abd in the new world

Days turn to weeks, as I sit in a sunny domicile, writing.  Water on the stove for instant coffee.  News on the wire of new world order.

I update a to-do list in my head; update birth certificate, renew passport, check the job postings of corporations offering excellent health insurance.  Because war is coming.

That’s one thing about having lived as male, there are certain instincts.  Like now I feel in my skin, and with every breath that I will give birth, even though I won’t.  When you’re a man you know that war is coming – as it has for the past 200,000 years.  Well, war is coming now.

 

We’re not going to earn our rights anytime soon, not by executive fiat, or supreme court decision, or ENDA legislation.  It’s status quo for the foreseeable future.  So if you were holding out for sunny skies to transition – and know that I’ve been there – there’s no time like the present.

There’s also a good chance that ‘preexisting conditions’ will become a thing again in the insurance world, though they definitely won’t call it that and you might not hear about it until you get an insurance bill or statement.  Meaning, the only way to fund a transition through insurance will be through employer-paid group insurance plans, I’m assuming.  So ima get on that.

And abortion might eventually be made illegal.  Though this doesn’t necessarily affect trans women, except from an ethical standpoint, legally forcing rape victims to carry a fetus to term – through the trauma of rape – is an unthinkably brutal affront to all women.

 

Watching Hillary concede, I realized that she loves the system more than she loves us – all of us.  That’s commendable, but I think it’s why she lost.  She stands there telling me what I owe Donald Trump, waxing sarcastic about her own campaign slogan, and generally baffling me with her personal strength in the face of a textbook crash-and-burn political loss.  My mind reels and strains as a different future appears; but some things you just know.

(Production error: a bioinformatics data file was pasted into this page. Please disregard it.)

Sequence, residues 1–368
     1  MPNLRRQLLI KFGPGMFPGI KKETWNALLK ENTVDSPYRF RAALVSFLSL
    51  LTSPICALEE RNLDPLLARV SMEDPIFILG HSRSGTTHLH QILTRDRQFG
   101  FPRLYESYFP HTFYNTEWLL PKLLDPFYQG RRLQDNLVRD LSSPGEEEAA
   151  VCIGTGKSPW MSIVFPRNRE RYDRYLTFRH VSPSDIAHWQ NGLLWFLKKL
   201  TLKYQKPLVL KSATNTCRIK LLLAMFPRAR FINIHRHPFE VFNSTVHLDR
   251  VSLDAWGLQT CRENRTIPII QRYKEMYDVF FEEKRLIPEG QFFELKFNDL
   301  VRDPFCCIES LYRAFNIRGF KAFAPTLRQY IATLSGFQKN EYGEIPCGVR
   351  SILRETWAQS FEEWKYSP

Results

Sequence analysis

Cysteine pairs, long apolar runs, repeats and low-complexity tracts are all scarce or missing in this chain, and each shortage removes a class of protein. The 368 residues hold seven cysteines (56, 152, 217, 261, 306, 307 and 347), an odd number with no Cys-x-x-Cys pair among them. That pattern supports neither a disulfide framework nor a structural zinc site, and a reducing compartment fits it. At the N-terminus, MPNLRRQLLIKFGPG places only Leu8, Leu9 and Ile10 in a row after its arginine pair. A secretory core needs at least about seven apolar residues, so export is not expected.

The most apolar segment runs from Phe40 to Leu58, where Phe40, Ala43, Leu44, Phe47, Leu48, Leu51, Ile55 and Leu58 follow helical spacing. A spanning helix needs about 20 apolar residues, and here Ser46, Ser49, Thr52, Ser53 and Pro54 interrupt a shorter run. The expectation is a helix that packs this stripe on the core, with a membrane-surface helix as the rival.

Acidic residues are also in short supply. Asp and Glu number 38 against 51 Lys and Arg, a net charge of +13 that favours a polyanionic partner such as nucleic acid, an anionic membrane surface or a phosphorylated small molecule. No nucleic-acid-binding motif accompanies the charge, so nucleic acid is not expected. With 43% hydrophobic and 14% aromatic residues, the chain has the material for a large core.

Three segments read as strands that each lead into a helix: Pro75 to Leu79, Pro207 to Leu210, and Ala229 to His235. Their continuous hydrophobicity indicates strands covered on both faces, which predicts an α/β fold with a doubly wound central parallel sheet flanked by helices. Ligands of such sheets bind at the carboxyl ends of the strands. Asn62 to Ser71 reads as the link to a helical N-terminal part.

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flight

I stepped out of the sodium street lights of a random night.  Onto a train, into that antiseptic train smell.  I thought to myself, ‘I’m leaving.’  I realized it then, staring down the aisle of well-to-dos.

Ten years after I stepped off of this train into the same street lights; I know in my soul that I will never return here.

 

Leia met me sometime later, at a random bar of well-to-dos.  Fresh from her office, I presented her with the wine she instructed me to purchase in her text message, “Make sure you taste it first.”

She regarded me with the relieved exasperation that only she could provide.

 

I was fresh from the depths of despair, a loss and malaise that made the Great Depression look like Macy’s Thanksgiving Day Parade.

I pleaded with her to save me.  We chatted about the election.

I asked her for purpose and place.  She caught the server’s eye – someone she had gone to high school with apparently.

 

She asked if I could set up a cloud server for her work.  I don’t remember much else.

 

It’s been several weeks now.  Removed from the place where I took on a new gender, I feel like a new person.  Perhaps I am.  Completely stealth now, I’ve fallen into a normal life, jarringly familiar from the time before I took hormones and dyed my hair.  I have obligations and new friends, disposable-ish income.  I don’t really wear makeup anymore, and that’s okay.  No one wears makeup every day.

 

Nightmares come and go.  Leia says I cry out in my sleep sometimes.

My pupils have returned to their normal size from antidepressants, which I take with my keys and my phone.  And I’m tempted to thank God that there’s nothing in life that can’t be solved by sex with the right strangers.

I am infinitely fortunate.  I was able to transition and didn’t lose all of my family, or all of my friends.  I didn’t die.  I’m attractive and have skills, I look forward to my life.  My sex change operation was a success.

 

But no one should have to do this.